The Jordan Compact, refugee labour and the limits of indicator-oriented formalization

Katharina Lenner, Lewis Turner

Research output: Contribution to journalArticlepeer-review


This article explores the significance of initiatives to formalize the labour market participation of refugees. Many practitioners believe that formalization is a panacea for improving the lives of marginalized workers, including refugees. This article argues, however, that in practice it easily becomes an indicator-oriented exercise, where readily quantifiable targets are prioritized over substantive improvements. To this end, the article analyses the trajectory of the Jordan Compact, a flagship initiative that brought together humanitarian, development and labour actors to create ‘win-win’ solutions for Syrians and Jordanians. Drawing on years of qualitative fieldwork in Jordan, the article traces how the Jordan Compact has made formalization an end in itself, with little regard for how much it actually benefits workers. It examines three central areas of programming: work permits, home-based businesses and working conditions. In each area, the article demonstrates how the chosen indicators have shaped initiatives while undermining meaningful reform. Bringing together insights from humanitarianism, development and critical labour studies, the analysis shows that indicator-oriented formalization, a form of measurement-driven governance, ostensibly produces impressive results, yet it can simultaneously undermine longer-term, multidimensional processes that would benefit workers more. The article advocates shifting the focus onto the individual and collective power of workers so that they can better realize the potential benefits of formalization.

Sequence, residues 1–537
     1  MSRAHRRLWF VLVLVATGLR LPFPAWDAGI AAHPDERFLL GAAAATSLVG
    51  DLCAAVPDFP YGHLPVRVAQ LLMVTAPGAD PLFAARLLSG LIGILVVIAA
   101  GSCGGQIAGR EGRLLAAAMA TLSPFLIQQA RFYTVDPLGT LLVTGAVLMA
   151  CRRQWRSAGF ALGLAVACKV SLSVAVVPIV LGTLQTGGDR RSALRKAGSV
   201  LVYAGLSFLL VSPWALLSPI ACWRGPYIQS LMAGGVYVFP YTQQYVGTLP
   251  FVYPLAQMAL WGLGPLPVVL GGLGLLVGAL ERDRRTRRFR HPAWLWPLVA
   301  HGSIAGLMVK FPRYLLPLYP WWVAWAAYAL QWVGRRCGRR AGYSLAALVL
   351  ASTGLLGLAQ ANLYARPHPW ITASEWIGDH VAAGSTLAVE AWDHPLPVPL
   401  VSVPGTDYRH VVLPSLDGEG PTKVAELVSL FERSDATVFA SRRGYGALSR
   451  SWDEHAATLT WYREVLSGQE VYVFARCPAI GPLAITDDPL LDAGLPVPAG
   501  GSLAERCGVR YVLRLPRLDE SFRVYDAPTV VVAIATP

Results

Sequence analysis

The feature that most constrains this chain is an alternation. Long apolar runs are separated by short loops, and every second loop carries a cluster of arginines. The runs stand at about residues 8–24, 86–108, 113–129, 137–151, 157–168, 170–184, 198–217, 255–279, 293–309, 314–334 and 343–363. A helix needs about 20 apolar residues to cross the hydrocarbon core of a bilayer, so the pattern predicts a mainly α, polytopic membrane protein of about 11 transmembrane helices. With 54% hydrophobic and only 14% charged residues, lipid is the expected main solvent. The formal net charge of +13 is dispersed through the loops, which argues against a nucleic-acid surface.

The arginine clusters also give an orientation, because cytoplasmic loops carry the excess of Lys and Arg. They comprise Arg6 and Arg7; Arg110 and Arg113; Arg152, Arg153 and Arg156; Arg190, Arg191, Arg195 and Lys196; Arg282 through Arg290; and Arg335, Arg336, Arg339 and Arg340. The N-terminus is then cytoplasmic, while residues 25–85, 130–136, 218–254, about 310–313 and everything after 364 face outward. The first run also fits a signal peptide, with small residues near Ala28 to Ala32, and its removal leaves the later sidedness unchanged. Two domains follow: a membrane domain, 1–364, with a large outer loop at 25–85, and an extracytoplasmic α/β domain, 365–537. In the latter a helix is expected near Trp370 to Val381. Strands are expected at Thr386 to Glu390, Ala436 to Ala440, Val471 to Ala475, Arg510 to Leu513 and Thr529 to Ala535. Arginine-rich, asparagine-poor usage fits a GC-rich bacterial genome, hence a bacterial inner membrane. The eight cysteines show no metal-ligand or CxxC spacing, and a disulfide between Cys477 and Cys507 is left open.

Original languageEnglish
JournalDevelopment and Change
Early online date25 Apr 2024
Publication statusE-pub ahead of print - 25 Apr 2024

Bibliographical note

Preliminary acceptance on Feb 9th, 2024 (see attached acceptance letter); final acceptance date Feb 16th, 2024.


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